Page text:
Sunday, December 17, 2017
Peter Steenkamp

Peter Steenkamp

Harmony Gold

SOMETIMES you just get lucky. Peter Steenkamp took over Harmony Gold in January last year in time for a boom in the rand gold price followed by a boom in the dollar gold price, both of which combined to send the Harmony share soaring six-fold. While this has bought him welcome breathing space in terms of extra revenue generation, he still has to deal with major fundamental issues that will make or break the company. His three main decisions last year were all controversial. The first was to chop the life-of-mine at Kusasalethu from 24 years to five years through a decision to “high grade” the operation. The second was to buy out partner Newcrest Mining’s stake in the loss-making Hidden Valley mine in Papua New Guinea for $1, plus all associated liabilities, and then announce Harmony would pump another $180m into Hidden Valley to double its size. Effectively, the extra cash generated from the high-grade mining of Kusasalethu is going to be ploughed into Hidden Valley which is an operation some analysts feel is not worth it. Steenkamp’s third decision was to look for acquisitions to expand group production by 50% to 1.5 million ounces annually. It is risky and, while everything looks rosy now - with Harmony resuming dividend payments and cutting debt - conditions in the gold business can change swiftly, and dramatically.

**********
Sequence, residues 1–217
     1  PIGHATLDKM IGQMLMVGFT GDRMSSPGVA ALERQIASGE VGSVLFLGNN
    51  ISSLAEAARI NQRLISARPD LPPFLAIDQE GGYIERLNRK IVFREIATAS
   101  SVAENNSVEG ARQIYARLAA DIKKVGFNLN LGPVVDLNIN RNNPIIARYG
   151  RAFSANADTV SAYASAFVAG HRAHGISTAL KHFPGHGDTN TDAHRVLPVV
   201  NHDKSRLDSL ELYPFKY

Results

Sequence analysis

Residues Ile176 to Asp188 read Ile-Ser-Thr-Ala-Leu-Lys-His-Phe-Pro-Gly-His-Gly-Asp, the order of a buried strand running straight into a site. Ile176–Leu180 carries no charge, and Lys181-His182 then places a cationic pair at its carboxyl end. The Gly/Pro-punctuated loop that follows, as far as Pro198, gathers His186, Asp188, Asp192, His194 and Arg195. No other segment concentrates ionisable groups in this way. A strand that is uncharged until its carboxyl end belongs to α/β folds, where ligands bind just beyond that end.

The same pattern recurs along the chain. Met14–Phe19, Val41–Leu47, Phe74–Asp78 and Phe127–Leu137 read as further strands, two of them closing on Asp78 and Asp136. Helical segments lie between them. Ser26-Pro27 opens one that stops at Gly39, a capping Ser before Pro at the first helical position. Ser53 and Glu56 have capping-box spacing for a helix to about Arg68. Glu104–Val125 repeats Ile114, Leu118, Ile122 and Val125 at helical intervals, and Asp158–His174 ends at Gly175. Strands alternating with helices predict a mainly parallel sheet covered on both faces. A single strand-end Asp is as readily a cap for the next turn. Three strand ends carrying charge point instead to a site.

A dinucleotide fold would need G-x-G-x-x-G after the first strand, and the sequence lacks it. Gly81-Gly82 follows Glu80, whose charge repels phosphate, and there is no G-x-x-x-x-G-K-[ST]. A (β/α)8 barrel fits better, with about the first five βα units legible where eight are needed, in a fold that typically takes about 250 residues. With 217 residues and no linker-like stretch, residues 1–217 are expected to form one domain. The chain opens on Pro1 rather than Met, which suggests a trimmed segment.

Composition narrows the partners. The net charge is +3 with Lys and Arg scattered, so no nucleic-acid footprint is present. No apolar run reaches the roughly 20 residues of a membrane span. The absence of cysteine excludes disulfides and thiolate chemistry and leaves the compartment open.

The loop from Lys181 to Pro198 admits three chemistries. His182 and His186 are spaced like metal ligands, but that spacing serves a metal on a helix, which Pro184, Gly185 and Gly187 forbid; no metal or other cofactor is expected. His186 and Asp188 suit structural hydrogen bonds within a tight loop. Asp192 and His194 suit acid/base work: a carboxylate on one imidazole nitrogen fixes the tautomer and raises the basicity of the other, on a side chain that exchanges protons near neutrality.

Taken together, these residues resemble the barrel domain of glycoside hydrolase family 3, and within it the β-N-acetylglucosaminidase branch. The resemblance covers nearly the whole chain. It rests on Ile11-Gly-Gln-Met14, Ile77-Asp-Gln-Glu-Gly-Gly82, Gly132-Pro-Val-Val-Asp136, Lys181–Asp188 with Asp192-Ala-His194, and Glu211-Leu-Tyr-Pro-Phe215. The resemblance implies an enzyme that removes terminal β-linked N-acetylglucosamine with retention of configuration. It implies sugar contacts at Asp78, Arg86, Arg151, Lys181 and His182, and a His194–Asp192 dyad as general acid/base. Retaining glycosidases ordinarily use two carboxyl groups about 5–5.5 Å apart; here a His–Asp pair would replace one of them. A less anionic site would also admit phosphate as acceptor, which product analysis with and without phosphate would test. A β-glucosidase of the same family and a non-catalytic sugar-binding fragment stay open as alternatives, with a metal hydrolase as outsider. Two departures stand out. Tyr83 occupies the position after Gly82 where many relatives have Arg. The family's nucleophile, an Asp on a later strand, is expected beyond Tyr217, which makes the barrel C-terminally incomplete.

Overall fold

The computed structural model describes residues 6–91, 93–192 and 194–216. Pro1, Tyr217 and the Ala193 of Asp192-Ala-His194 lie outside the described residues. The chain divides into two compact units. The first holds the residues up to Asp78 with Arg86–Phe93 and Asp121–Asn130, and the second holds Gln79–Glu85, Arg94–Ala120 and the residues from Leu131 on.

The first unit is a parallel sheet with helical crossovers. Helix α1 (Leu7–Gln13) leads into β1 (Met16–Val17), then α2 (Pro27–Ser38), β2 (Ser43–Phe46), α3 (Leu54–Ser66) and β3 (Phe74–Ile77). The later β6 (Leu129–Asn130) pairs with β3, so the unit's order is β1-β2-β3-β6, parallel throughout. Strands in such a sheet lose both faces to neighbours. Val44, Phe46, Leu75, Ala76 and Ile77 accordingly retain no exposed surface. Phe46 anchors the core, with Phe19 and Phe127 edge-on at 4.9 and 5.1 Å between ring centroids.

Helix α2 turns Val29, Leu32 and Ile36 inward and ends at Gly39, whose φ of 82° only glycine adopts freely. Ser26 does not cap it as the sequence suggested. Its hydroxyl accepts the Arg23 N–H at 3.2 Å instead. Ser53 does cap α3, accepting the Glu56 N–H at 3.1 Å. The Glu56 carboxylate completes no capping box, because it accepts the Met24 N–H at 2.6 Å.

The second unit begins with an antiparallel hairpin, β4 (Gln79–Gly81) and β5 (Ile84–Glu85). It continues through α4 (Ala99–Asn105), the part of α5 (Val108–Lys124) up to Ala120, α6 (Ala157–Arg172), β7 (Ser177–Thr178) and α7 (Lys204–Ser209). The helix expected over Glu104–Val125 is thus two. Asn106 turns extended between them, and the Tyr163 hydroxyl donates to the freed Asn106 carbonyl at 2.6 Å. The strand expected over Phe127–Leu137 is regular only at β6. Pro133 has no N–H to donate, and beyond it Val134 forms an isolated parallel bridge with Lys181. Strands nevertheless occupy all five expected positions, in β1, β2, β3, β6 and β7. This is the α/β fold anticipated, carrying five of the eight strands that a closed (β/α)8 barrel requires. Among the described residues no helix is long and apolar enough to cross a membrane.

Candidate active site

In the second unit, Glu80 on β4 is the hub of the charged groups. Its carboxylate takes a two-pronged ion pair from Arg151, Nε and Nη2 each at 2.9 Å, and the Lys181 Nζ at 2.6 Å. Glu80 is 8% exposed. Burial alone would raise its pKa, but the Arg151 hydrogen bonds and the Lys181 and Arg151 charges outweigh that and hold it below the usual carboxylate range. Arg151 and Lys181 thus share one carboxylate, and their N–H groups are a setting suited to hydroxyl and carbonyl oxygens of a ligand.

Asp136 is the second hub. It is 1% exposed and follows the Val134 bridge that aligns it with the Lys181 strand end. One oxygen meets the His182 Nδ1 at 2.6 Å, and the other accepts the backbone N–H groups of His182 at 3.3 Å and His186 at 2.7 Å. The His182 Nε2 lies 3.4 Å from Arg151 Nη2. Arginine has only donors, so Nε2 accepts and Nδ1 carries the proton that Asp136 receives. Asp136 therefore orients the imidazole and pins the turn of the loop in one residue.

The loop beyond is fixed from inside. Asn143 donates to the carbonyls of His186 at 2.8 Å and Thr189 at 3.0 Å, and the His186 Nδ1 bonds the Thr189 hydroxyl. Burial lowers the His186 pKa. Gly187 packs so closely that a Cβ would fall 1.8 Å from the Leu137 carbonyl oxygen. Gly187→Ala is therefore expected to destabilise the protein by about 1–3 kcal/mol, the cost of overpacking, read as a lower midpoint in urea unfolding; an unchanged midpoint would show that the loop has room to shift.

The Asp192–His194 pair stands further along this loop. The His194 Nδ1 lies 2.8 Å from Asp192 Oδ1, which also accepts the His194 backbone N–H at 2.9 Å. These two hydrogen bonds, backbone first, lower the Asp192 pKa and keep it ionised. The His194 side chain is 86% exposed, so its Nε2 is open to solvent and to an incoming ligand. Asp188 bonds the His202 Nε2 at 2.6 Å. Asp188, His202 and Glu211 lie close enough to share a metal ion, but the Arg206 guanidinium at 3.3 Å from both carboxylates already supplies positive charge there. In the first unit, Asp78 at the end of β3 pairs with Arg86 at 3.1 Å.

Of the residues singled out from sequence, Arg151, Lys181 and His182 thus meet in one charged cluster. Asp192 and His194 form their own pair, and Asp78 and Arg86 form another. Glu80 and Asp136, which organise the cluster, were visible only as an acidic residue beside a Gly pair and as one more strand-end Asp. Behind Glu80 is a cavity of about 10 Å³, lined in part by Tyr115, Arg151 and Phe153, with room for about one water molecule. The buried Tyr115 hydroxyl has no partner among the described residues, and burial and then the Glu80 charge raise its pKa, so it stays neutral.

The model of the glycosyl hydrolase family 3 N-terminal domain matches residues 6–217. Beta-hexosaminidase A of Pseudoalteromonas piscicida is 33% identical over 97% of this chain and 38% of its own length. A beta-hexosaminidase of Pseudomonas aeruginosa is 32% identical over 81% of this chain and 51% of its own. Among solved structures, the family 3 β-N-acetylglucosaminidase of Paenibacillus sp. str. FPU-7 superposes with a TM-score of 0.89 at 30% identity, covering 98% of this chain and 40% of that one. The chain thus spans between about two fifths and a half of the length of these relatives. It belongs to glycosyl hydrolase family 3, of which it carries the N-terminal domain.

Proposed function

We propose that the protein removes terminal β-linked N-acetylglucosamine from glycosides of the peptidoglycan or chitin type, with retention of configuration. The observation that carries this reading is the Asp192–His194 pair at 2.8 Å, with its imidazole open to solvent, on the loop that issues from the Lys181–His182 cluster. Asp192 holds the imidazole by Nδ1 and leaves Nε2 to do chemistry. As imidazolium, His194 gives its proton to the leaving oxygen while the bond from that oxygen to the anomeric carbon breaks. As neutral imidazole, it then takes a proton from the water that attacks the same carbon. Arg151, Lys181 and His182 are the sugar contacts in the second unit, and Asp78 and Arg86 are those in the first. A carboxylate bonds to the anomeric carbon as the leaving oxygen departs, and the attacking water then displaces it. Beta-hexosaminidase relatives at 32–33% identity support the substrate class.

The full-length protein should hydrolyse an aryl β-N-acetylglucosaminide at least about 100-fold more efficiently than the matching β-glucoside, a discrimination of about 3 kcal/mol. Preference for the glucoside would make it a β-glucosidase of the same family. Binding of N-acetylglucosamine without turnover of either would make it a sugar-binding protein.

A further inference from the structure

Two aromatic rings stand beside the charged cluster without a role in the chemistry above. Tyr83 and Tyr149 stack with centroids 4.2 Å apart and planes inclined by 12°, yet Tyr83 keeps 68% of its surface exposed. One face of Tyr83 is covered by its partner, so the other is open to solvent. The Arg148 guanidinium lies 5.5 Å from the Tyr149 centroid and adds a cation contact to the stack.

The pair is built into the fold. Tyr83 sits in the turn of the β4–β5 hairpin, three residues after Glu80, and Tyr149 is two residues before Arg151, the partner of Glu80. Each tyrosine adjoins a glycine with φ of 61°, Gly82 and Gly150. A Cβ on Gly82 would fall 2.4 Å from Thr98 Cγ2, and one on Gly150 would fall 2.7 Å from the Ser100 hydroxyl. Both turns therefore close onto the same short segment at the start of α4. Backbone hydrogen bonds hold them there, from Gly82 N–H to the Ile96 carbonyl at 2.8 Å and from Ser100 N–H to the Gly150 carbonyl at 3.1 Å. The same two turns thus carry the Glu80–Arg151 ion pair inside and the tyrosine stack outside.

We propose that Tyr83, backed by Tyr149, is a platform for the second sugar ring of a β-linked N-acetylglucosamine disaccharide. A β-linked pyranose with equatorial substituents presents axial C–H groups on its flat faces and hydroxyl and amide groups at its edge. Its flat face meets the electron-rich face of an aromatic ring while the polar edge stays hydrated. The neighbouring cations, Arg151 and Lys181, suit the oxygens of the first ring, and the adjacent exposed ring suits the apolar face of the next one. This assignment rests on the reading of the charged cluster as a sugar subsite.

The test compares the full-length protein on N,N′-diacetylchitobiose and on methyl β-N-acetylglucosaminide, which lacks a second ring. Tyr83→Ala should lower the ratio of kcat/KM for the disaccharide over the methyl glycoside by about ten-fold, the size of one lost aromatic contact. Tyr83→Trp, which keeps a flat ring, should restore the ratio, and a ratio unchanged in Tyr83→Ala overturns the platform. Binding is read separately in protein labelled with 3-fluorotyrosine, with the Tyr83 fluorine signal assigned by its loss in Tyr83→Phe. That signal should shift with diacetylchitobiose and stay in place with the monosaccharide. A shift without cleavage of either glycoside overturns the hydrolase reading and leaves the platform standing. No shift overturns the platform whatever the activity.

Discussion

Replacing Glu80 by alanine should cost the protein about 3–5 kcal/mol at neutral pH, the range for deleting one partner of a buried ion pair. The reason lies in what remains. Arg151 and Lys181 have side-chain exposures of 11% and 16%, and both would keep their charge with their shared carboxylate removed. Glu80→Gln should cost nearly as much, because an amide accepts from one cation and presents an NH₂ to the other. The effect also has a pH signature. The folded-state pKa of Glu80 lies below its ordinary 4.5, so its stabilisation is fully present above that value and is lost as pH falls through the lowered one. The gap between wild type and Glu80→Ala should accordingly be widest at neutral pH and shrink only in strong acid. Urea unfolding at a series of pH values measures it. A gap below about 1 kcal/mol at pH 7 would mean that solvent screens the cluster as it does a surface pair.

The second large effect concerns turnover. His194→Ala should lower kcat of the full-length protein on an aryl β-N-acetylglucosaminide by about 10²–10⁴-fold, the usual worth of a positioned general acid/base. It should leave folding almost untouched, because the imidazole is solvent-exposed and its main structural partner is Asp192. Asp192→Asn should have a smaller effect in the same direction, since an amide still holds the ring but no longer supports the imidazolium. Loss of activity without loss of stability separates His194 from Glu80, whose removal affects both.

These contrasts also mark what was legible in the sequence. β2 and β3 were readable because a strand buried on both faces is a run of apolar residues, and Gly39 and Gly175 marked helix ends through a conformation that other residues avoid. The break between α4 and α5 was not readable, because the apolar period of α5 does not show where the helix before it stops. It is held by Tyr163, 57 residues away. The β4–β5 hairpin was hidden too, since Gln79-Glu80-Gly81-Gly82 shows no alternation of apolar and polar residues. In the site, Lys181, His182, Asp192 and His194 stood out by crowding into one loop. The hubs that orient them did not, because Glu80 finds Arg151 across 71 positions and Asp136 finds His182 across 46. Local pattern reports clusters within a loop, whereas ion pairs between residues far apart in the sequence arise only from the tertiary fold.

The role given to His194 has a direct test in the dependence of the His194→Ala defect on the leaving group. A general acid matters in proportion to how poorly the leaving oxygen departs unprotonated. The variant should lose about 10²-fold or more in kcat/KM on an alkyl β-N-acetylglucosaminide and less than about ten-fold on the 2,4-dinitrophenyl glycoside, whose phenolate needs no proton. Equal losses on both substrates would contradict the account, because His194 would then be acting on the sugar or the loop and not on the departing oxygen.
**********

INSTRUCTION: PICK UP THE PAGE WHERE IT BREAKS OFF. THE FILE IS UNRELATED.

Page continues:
He holds a degree in mining engineering from Pretoria University and has some 30 years of experience in gold mining. He diversified into coal and platinum with ARMCoal and ARMPlatinum from 2009 to 2013 after which he joined Sasol Mining. Arguably his worst career decision was to become CEO of ill-fated Pamodzi Gold – an experience Steenkamp no doubt would like to forget.

“Acquiring 100% of the Hidden Valley meets our acquisition criteria.”